When metadata is available and uploaded with the file to be analyzed, data points such as Target IP Address, Target OS, Source Address, and so on, then this metadata can be used in the analysis profile to create a true incident. In this case, such a file submission can instantiate a Download type of incident that contains all of the information available if the Traffic Collector had inspected the download directly.

To Upload a File for Analysis

  • Click the File Uploads tab, and in the “Submit file for analysis” window, select the file to upload for analysis and click the Submit file button.

    Note:

    The maximum file size that you can upload for analysis is 32MB.

    Figure 20: Submitting a File for Malware Analysis from the Incidents TabSubmitting a File for Malware Analysis from the Incidents Tab

Upon file submission, a SHA1 is displayed.

The Upload File feature calls the “file_submit” API and then, following analysis, displays the results returned from the API in Central Manager Web UI File Uploads tab. The results are also displayed in the Incidents page table with the Kill Chain Progression designation: UP along with the incident sha1sum and filename.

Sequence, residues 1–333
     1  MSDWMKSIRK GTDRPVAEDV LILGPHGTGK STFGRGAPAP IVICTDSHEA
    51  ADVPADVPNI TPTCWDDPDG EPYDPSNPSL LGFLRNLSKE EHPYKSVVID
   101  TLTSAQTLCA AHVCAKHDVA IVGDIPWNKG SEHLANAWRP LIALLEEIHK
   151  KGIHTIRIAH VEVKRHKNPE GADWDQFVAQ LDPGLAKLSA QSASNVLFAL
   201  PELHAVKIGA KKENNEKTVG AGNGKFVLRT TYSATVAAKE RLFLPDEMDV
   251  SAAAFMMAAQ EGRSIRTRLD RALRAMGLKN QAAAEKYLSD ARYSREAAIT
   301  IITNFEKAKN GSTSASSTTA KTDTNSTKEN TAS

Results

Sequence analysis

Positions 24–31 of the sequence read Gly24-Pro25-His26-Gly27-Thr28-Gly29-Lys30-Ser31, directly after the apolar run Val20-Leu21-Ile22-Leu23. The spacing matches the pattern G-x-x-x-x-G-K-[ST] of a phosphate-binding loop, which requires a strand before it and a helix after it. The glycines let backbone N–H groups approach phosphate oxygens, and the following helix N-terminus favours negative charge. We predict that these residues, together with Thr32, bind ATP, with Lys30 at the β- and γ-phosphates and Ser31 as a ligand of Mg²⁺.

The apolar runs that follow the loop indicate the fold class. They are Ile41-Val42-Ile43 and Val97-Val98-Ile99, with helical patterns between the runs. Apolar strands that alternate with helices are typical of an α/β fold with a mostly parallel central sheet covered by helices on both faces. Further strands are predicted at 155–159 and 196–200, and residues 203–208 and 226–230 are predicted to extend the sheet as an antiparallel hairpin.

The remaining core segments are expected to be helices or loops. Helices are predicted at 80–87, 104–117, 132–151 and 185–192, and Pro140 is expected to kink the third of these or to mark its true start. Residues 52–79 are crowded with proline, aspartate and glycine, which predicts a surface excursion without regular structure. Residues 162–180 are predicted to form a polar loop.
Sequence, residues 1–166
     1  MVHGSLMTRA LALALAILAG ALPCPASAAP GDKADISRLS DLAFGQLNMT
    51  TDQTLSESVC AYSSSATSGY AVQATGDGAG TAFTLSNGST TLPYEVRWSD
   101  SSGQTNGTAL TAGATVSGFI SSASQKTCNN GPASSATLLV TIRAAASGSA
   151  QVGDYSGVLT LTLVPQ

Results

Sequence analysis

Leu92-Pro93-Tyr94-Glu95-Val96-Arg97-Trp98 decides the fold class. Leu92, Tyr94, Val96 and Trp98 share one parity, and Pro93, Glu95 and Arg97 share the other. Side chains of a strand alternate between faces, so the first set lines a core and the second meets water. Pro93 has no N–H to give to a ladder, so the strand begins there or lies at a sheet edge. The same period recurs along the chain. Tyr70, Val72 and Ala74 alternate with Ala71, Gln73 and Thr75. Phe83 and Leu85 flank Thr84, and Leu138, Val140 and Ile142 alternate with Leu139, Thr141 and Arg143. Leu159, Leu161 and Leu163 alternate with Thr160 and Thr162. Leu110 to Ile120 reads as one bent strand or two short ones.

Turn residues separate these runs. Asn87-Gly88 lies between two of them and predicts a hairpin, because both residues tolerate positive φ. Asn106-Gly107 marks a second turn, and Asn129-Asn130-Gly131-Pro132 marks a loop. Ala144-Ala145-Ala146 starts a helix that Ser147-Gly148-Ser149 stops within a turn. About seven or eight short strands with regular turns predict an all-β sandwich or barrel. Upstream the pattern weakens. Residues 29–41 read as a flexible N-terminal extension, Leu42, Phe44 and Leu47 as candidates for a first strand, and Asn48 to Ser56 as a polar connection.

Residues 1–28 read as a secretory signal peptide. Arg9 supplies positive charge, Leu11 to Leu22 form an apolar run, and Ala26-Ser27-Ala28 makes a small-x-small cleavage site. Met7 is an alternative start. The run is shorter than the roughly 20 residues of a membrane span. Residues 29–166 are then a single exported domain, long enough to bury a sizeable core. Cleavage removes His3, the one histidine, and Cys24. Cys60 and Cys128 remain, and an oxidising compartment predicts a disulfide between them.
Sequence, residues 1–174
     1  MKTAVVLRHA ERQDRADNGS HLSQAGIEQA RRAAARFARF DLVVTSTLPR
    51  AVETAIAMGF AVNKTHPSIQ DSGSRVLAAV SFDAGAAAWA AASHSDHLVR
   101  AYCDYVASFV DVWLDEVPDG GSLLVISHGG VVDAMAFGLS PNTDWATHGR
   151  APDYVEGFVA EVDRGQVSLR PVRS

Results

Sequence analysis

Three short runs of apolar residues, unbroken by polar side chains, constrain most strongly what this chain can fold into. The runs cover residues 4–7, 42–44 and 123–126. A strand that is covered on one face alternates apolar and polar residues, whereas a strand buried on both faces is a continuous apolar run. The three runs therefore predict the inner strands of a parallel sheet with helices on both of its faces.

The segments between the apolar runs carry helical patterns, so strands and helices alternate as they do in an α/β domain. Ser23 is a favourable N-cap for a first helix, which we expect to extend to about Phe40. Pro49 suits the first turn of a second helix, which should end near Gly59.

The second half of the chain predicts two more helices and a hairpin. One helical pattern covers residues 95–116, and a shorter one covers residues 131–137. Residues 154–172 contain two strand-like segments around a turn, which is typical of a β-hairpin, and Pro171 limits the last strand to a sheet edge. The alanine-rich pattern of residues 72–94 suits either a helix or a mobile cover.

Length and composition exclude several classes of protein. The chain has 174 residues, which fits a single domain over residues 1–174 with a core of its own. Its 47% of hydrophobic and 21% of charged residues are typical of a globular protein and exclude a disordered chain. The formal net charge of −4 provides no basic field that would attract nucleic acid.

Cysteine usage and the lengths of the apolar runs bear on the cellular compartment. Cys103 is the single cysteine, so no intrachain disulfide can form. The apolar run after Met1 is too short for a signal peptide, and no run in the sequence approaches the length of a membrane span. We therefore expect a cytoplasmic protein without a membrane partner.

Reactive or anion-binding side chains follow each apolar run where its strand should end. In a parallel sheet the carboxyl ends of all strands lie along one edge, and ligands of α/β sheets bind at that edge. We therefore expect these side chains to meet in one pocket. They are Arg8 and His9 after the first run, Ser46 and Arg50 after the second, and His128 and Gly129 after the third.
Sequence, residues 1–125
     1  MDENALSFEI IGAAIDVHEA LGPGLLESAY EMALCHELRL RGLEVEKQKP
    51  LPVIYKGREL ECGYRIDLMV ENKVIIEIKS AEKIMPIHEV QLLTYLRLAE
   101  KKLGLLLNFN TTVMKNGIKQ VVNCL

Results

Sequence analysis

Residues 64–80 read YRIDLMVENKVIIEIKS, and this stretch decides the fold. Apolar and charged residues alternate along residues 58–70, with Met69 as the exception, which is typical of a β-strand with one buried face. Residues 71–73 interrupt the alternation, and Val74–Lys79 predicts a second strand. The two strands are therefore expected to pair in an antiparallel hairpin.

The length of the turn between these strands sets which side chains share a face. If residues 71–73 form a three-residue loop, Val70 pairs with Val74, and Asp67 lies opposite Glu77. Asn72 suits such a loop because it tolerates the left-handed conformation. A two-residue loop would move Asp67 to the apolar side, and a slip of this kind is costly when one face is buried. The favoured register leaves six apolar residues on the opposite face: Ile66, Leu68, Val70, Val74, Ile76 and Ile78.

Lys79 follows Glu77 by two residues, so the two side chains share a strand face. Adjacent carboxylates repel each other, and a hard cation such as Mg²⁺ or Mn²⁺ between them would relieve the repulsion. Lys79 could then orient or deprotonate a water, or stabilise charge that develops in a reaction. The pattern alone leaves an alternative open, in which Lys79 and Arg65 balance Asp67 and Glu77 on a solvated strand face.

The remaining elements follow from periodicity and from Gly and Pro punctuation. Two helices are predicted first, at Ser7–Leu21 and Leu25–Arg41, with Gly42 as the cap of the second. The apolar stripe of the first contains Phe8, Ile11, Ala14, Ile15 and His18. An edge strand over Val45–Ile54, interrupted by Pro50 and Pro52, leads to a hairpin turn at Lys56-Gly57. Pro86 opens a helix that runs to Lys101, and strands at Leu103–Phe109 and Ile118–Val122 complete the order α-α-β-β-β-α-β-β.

Note:

You may also use the Juniper ATP Appliance HTTP API directly to submit files for analysis and get results and incident details via the API JSON outputs. Refer to the Juniper ATP Appliance HTTP API Guide for more information.

Regardless of whether a file is submitted to the Core for malware analysis from the HTTP API or via the Central Manager File Uploads page, the analysis results are always displayed on the File Uploads page.

Configuring Juniper ATP Appliance for Integrated Deployment

Juniper ATP Appliance is designed to integrate with and leverage your existing enterprise security infrastructure. Integrating Juniper ATP Appliance configurations with Firewalls, Proxies, Secure Web Gateways, and other services and devices, requires use of the Central Manager Web UI Config tab options as well as access to the other device or service’s Web UI or CLI to complete the integration.

Deploying Juniper ATP Appliance SaaS Virtual Collectors

Juniper ATP Appliance’s extensible deployment options include a Virtual Collector (vCollector) product: an Open Virtual Appliance, or OVA, that runs in virtual machines. Specifically, a Juniper ATP Appliance OVA-packaged image is available for VMware Hypervisor for vSphere via thin provisioning. This includes a 50 Mbps, 100 Mbps, 500 Mbps, 1.0 Gbps and 2.5 Gbps Virtual Collector model to Juniper ATP Appliance product support and services.

See Also: Deploying SaaS Virtual Cores as OVAs.

An OVF package consists of several files contained in a single directory with an OVF descriptor file that describes the Juniper ATP Appliance virtual machine template and package: metadata for the OVF package, and a Juniper ATP Appliance software image. The directory is distributed as an OVA package (a tar archive file with the OVF directory inside).